Writing True Crime by Elaine Smith

The first thing that comes to mind when asked to express how it feels to write about true crime is that you’d better have a thick emotional skin. The disturbing scenes and personalities can pervade the writer’s psyche and haunt their dreams. One wonders “why” such things could happen. Unfortunately, there usually is no rational “why” when dealing with ruthless evil. The writer must find some meaning, some lesson learned from the story, or it is just a sequence of horrible actions.

Something I found while writing the book was there was a path one could take by relaying facts and occurrences which only led to a boring sequence of events. The characters were flat, there was no dialogue, and the horror of the situation was not revealed by simply stating the facts. Emotion, fear, and sorrow needed to be felt. The course was changed to “based on true crime,” so the characters could be built from the information available and the story enhanced with inner thoughts of the main character. This is the difference between nonfiction and fiction. I opted for fiction based on true events and characters to create a deeper and more meaningful story.

Research is essential, can be quite time consuming, and even costly. My book, “One Wrong Move Can Kill,” contains many facts and circumstances as they were presented in the single trial which resulted from the five murders. Only the leader pled not-guilty and faced trial. The rest of the band took guilty pleas and testified against him. This resulted in only one transcript of the Capital Murder trial of Genero Camacho. The other men who pled guilty testified against him in that trial, along with FBI agents, police officers, and other witnesses. It is from their testimony much of the story was gleaned and therefore kept true to the actual happenings.

My husband and I travelled to Austin, TX to the State Library after requesting to see the file from that trial. Two carts of boxes was pushed out to the table where we waited. Seven boxes of bound legal size paper awaited us. We spent about nine hours over two days perusing those documents, noting what pages we wanted duplicated. When finished, about 1500 pages were copied and sent to us by mail a few weeks later.

Then the gargantuan task of organizing that mass of paper into manageable units began. After a few days, I had the story needed to write the book. Over and over I referred to the documents, often using actual quotes from the testimony. It is this which makes this work truly based on true crime.

One problem I had was making my main character be somewhat sympathetic. Why didn’t he run away? Why didn’t he go to police? He had plenty of opportunities to get away. Why was he frozen in place and going along with all the horrible things happening around him? Was he truly a bad guy?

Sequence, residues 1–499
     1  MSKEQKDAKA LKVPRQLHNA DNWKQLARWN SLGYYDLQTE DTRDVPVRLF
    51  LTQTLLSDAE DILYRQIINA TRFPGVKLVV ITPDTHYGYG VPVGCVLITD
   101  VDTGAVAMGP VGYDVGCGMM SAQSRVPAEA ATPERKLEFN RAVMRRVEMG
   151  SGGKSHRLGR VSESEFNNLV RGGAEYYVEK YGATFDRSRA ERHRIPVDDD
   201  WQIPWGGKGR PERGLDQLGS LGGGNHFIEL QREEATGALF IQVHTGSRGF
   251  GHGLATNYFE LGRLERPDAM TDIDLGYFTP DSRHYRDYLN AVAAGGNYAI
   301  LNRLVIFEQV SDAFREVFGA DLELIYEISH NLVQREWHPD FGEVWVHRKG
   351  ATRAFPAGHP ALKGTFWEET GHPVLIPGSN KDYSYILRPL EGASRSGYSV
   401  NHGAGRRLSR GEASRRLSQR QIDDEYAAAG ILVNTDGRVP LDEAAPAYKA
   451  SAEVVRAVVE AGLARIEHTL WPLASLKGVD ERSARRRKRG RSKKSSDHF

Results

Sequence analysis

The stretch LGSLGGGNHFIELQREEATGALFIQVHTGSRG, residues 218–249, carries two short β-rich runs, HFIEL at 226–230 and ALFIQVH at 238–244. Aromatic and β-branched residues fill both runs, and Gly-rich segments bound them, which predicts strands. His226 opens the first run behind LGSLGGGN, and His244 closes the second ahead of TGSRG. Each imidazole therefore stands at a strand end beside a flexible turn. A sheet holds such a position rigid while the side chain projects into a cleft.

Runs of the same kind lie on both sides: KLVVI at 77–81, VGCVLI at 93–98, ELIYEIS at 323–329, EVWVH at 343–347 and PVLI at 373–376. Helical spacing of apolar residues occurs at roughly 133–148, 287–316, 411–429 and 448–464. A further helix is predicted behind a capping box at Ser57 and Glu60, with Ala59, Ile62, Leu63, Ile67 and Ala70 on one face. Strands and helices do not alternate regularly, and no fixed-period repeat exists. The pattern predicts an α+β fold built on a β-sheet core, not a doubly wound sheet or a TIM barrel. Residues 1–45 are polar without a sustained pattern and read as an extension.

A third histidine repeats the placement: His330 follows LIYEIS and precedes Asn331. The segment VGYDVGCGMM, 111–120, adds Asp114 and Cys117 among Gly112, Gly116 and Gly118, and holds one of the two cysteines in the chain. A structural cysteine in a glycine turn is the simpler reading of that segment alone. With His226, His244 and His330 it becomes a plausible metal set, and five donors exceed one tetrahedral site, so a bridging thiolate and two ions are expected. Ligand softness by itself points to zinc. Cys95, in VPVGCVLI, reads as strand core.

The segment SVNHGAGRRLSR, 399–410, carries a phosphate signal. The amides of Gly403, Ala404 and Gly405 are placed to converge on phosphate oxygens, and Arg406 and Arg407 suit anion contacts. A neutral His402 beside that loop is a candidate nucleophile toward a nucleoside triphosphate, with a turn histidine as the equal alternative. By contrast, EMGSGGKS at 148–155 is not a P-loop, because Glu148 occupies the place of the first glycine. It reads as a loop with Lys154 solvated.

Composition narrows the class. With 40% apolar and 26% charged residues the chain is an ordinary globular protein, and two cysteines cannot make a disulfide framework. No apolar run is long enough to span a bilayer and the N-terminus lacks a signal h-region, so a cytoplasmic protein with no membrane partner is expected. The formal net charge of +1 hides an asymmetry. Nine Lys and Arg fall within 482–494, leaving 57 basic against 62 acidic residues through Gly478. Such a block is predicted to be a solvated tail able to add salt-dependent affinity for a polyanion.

We found him in a Federal prison and wrote a letter. He wrote back and a correspondence began. He worked to get money to access email, which was monitored, but we were able to regularly communicate. I came to recognize he was truly repentant and had deep regrets. An idea came to mind to use dreams and visions to “get into his head” so the reader could feel what he felt and perhaps understand the character. Admittedly, I probably made him more sympathetic than he deserved, but it served to create a character one could both hate and understand.

After the book was finished and printed, I asked if he wanted a copy. He took a few weeks, but mustered the courage and agreed. His letter to me after reading it was heart rending. He cried constantly while reading and had to hide his tears from other inmates. He also confessed it was somewhat cathartic: by seeing it in print the memories came into focus and he could deal with them through religion.

The process was disturbing for me as a writer as well. Being a person who never watches scary movies or action films, the physical act of writing about a three year old boy being shot to death was truly difficult. Strangely, when thinking how the main character may have felt, I conjured dark images and found violence inside myself I never knew existed. Typing the words was often painful. Creating the dream sequences with imagery to express the horror was both rewarding and eye-squinting, chair squirming uncomfortable.

Finally after over a year, it was done and my beta reader loved it. However, he called me and said, “Elaine, you’ve really got something here, but I’m telling you, these bad guys would be cursing.” I knew he would say that. I’m no goody-two-shoes, but I don’t curse. So I did a complete rewrite with the mindset of, “What would my husband say in this situation?” He gets quite inventive with the F-word, so I applied that to the dialogue. It worked. It was raw and real.

The whole process was truly difficult. Would I do it again? No, not a chance. It took too much out of me. A more emotionally strong or detached writer could likely tackle a similar task, but no thank you, I will pass. I wrote the based on true crime novel and am proud of it. Reviews were good. I gave one to a movie producer. Sure I’d like it to be a best seller, but I have this huge accomplishment in my life, and in itself is success.


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